In 1923, the three inventors of insulin sold the patent to the University of Toronto for $1 each. They wanted everyone to have access to the drug. Today, Americans with diabetes are being devastated by prices that have more than tripled since 2002. And understanding how the insurance system, drug pricing and government policy create a nightmare for them offers a window into the health care quandary.
Six million people in the United States require insulin regularly, a number that’s growing. The cost of the drug needed by so many people to stay alive can now exceed $1,000 a month.
For people who have generous health care plans with small deductibles and copays, insulin prices aren’t a problem. And for people poor enough to be on Medicaid in New York, insulin prices are not a big issue because they have no deductibles or copays. But a 50-year-old patient with a bronze-level family plan from an Affordable Care Act exchange would have to meet an average annual deductible of $8,000 before insurance starts paying for his or her insulin. That’s on top of policy premiums averaging $1,100 a month.
Workers with employer coverage also pay until they hit their deductibles, which can be high. And patients on Medicare end up in the “doughnut hole,” paying as much as $5,000 before hitting the limit that allows them cheap insulin.
Some skip the medicine, opting to pay rent instead. Some halve their doses. And some end up in the emergency room, losing vision or a leg, and needing tens or hundreds of thousands of dollars in care.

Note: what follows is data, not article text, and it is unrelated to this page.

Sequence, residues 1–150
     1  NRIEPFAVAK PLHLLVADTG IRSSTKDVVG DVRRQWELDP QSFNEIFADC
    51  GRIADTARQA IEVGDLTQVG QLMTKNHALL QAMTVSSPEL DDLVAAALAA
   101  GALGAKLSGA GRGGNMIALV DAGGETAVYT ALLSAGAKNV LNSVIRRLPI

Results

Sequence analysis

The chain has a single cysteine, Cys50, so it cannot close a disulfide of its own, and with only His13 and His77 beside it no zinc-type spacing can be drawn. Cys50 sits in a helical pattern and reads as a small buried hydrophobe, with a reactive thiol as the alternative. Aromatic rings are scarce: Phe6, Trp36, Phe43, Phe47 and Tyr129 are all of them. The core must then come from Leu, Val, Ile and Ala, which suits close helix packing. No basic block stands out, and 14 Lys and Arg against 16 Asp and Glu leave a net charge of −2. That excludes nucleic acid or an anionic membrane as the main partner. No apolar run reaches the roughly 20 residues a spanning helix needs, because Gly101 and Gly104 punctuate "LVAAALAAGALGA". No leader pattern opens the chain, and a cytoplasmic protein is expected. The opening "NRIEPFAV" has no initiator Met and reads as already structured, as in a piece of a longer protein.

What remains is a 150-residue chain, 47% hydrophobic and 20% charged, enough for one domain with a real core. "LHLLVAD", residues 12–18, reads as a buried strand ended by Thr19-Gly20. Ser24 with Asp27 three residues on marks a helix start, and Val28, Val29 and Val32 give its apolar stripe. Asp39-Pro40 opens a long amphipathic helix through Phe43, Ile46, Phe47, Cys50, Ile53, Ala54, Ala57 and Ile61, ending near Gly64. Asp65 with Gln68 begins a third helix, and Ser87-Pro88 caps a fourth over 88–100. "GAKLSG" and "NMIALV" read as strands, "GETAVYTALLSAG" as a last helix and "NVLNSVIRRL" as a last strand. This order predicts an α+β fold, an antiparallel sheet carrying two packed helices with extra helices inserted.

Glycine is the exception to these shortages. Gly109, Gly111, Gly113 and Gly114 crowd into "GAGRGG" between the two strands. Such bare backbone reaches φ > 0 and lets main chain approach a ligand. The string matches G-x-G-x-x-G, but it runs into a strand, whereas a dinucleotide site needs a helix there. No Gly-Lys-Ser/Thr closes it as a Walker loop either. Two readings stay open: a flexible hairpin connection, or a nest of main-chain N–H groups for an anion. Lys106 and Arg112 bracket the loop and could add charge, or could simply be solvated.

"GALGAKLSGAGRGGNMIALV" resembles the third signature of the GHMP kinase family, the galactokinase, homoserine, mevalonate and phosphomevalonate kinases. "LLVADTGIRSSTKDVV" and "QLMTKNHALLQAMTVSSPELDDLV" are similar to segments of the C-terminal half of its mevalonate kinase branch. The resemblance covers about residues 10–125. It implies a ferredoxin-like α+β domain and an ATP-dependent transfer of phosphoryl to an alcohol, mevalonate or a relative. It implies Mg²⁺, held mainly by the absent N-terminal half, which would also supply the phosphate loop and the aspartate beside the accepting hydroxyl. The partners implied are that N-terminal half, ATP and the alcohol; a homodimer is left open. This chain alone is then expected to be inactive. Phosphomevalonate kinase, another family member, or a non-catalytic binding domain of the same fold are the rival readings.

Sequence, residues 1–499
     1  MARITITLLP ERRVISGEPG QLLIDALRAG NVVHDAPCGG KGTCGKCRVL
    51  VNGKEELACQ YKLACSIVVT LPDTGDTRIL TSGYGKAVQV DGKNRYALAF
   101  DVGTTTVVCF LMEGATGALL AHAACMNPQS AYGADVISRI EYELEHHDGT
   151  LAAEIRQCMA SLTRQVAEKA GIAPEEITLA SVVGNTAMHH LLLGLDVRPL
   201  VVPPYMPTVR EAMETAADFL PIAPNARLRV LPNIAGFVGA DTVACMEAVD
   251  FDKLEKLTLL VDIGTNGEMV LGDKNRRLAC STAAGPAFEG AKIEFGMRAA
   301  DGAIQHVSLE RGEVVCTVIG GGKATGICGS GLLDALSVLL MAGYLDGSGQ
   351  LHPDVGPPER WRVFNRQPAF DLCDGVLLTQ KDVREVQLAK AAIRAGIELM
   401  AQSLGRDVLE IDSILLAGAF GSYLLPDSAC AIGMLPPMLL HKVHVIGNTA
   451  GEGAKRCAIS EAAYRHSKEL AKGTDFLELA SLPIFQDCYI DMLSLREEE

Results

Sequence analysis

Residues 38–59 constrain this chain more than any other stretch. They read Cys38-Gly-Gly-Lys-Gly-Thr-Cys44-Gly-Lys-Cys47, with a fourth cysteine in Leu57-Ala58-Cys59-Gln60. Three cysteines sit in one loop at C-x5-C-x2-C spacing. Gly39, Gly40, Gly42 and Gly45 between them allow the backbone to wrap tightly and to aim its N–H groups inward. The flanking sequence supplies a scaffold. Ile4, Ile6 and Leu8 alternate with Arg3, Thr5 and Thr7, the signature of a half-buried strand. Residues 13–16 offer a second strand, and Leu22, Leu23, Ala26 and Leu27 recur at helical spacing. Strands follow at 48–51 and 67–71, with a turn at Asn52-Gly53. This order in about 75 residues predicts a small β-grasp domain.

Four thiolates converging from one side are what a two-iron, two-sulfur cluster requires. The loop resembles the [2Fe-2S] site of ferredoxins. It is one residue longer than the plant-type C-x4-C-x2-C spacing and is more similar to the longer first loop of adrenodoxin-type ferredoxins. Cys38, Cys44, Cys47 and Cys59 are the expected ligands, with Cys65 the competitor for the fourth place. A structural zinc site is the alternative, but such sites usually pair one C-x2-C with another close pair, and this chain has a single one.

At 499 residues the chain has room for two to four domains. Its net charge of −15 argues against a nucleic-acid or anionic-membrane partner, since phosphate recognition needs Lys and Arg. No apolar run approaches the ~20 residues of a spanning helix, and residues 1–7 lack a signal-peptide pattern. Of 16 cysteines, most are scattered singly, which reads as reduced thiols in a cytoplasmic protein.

The pricing practices of insulin makers have long been questionable. In May, the cost of the Eli Lilly insulin Humalog rose by 7.8 percent to $274 for a 10 mm vial, and the price for Novolin, a similar drug made by Novo Nordisk, increased by 7.9 percent to $275.58. Both companies, along with drugmaker Sanofi-Aventis, face class-action lawsuits in Massachusetts and New Jersey that claim price collusion. Eli Lilly first pleaded “no contest” to that charge in 1941.
U.S. insurers that cover these medicines get huge “rebates” from manufacturers. Another way of saying this is that the uninsured pay fictitiously inflated prices because they get no such rebates. Medicare and its recipients pay too much because it’s against the law for that program to negotiate with drug companies, as insurers and other nations do.
This is the situation under the Affordable Care Act. It would get dramatically worse if a repeal of the ACA knocked tens of millions of people off Medicaid and the insurance exchanges, or, as is more likely now, President Donald Trump and the Republican Congress end subsidies that make insurance affordable for low-income Americans. It would get dramatically better with fairer pricing rules, more affordable health care plans, a market that encouraged the sale of affordable insulin, and legalized bargaining on drug prices by Medicare.
Beyond the slogans of both political parties on health care are people, including those with diabetes, whose lives are devastated by poor policies and improved by good ones. They are the reason the nation needs to get past the partisan bickering and shore up the system.